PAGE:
Herland: A story about three male explorers who stumble upon an all-female society isolated somewhere in South America. Noting the advanced state of the civilization they’ve encountered, the visitors set out to find some males, assuming that since the country is so civilized, “there must be men.”

The Trouble with Women: Can women be geniuses? Or are their arms too short? Why did we only learn about two three women at school? What were all the others doing?

Revolutionary Women: A Book of Stencils: A Feminist Speculative Fiction Anthology: Both a radical feminist history and a street art resource, this handbook combines short biographies with striking and usable stencil images of 30 female activists, anarchists, feminists, freedom fighters, and visionaries.

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TTT: Best Beginnings

Top Ten Tuesday is back to its regularly scheduled prompting next week, but there is one more topic from the vaults from me before then: The best book beginnings.

I love it when a book has a strong start. When it’s bold and daring and interesting and I immediately want to never put it down. It’s a fairly hard to achieve thing, and when I find it, I devour the book. So these are 10 books that had me hooked by the end of chapter one, even on the first page… and in one case, by the title and cover alone.

IT – I’ve reread the first chapter so, so many times, that even just the first sentence gives me chills of anticipation. It’s probably my favourite first chapter of a book, ever, if only because nostalgia.

Nimona – By the bottom of page two, I was smitten and I knew I was going to fall hard for this book and it’s light, joyful humour. I did.

The Passage – When a book hits you hard enough to have you sobbing your heart out by the end of the first chapter, and you have 900 pages left to go… it leaves an impression.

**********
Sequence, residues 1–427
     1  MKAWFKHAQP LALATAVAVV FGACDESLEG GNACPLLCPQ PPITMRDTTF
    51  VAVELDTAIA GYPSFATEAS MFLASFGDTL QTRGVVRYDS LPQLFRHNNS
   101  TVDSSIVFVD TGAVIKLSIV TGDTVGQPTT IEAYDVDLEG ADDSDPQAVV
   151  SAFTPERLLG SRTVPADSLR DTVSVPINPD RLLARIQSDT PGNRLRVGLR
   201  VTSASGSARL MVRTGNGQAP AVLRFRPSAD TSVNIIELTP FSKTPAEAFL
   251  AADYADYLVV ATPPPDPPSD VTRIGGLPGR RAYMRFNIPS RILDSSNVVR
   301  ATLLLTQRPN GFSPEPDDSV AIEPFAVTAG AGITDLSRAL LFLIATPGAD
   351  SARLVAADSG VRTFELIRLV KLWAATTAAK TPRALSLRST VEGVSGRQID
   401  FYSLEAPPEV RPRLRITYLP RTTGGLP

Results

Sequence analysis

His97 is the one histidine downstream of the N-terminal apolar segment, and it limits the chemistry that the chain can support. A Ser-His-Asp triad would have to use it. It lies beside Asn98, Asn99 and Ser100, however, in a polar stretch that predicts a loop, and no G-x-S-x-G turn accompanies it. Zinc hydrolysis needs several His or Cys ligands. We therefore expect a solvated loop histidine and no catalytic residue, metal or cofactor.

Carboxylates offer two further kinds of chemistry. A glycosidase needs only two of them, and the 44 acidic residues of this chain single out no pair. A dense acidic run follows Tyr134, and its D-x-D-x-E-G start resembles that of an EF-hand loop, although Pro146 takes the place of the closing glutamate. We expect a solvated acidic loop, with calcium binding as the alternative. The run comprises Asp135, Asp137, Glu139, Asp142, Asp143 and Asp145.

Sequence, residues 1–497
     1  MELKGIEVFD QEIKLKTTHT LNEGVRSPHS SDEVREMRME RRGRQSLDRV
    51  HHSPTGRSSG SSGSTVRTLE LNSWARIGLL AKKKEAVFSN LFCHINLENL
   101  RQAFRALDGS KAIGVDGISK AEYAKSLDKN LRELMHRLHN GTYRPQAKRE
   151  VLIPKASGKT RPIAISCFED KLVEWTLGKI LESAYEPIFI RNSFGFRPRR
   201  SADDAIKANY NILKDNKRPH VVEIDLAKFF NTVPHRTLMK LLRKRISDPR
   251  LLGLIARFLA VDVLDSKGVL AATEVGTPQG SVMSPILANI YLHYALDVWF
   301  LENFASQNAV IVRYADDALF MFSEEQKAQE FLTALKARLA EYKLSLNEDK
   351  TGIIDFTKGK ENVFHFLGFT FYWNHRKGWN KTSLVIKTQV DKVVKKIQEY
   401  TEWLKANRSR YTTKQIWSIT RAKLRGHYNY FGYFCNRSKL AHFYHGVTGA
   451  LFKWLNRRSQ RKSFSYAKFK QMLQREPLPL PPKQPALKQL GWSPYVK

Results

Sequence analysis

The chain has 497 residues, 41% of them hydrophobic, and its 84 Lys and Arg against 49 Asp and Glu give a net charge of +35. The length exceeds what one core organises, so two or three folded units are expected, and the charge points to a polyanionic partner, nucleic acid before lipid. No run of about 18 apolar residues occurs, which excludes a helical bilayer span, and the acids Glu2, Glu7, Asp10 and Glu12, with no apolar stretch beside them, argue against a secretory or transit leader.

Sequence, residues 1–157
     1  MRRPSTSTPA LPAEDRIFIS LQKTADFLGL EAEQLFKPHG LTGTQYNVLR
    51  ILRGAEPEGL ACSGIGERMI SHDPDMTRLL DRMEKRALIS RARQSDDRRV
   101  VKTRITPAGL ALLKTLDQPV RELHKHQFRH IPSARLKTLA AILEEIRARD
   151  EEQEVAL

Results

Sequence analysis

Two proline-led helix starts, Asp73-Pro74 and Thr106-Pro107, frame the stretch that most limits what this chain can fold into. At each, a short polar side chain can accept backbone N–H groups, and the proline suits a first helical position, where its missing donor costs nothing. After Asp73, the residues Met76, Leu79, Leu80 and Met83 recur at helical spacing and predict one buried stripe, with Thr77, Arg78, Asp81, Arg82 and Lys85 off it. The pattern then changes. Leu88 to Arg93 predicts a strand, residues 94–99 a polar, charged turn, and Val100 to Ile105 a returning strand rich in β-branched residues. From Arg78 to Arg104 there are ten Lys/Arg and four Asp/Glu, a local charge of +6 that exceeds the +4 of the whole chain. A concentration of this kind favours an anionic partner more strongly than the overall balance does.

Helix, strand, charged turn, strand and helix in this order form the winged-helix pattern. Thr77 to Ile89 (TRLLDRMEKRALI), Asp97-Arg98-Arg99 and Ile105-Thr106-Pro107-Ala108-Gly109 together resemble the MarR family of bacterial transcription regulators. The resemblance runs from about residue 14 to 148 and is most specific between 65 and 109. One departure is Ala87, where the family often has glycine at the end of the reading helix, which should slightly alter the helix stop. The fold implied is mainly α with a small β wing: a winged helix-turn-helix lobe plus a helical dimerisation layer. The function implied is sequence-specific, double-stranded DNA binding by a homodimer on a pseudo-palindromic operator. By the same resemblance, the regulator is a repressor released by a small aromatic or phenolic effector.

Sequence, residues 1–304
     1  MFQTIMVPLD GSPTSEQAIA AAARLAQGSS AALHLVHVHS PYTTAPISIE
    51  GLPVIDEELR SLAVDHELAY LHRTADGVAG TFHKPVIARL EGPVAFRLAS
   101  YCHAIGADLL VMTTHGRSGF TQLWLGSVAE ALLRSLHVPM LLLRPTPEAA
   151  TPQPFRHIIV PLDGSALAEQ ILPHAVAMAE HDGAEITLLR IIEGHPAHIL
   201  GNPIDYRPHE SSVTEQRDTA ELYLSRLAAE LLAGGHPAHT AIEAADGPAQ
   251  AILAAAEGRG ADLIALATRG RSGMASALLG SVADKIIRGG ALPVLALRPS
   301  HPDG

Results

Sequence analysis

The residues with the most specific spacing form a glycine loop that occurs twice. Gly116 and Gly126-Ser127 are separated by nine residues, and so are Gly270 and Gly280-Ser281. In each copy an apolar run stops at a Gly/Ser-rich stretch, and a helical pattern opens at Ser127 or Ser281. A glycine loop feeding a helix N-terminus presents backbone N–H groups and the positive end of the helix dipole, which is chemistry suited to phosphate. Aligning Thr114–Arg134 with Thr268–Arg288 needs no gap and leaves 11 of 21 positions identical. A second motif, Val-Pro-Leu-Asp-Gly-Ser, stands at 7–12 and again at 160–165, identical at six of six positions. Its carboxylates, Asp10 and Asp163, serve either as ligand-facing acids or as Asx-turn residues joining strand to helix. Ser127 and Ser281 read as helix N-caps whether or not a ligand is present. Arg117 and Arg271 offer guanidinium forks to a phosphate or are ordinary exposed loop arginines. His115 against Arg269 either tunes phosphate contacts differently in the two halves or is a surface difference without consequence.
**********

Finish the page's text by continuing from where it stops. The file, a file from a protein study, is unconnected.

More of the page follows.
Ablutions: Notes for a Novel – With a very unique second-person POV narrative, and an actual LOL on the second page, this book had one hell of a hook.

Haunted – Sure fire way to gab my attention: gross me the hell out in the first chapter. It’s actually really hard to do, which is why I enjoy it when it happens. Kudos, Palahniuk.

The Gigantic Beard That Was Evil – I was in love with this before before I’d even left the shop, before I’d parted money with it, before I’d lifted it from the shelf. It’s no surprise to me that I genuinely call this book ‘The Gigantic Beard That Was Awesome’ and don’t even realise that’s not what it’s called.

The Haunting of Hill House – Eerie, creepy, and very much haunting, this book has one of those first chapters that drags you in and immerses you into its world almost effortlessly.

I Am Legend – The tension builds so quickly in this book’s first chapter it’s almost tangible. I felt frozen and stiff with anxiety, and I couldn’t have put the book down if I tried. World building at its best.

Quite Ugly One Morning – I recommend this book a lot, but it’s always with the proviso that if you haven’t laughed by the end of the first chapter, just don’t bother carrying on. This book seriously needs to win some kind of Best First Chapter Ever award. It’s gross, it’s funny, it’s ridiculous—it’s perfect.

Tiny Deaths – So, technically, as a collection, it was the first story, rather than chapter here that had me hooked. But I read that first story because I found the book laying around… it’s the fact I had to go buy my own copy in order to read the rest that cements its place on this list!

What books had you hooked by the end of chapter one? Any by the first page?

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Face-Off Friday: Fire

This week, the covers that will be judged and compared all feature fire. It didn’t take me long to decide on a book; Firestarter by Stephen King was an easy and apt choice. There were so many covers to choose from! I limited myself to 8, with only one English language edition. They all, obviously, feature fire. Let’s take a look at them…


 

 

 

 

 

 

 

 

 

 

 

 

 

The first is (apparently) the kindle cover, and I’ll admit i picked this because it immediately caught my eye and was my favourite of the English language covers. Bold colour, negative space, art. I love this one, straight off the bat.

The second is a German cover, and while i like the painful/angry hand gesture and the overlying flames, it’s in a cringy way. Overall, i have to say i’m not a fan.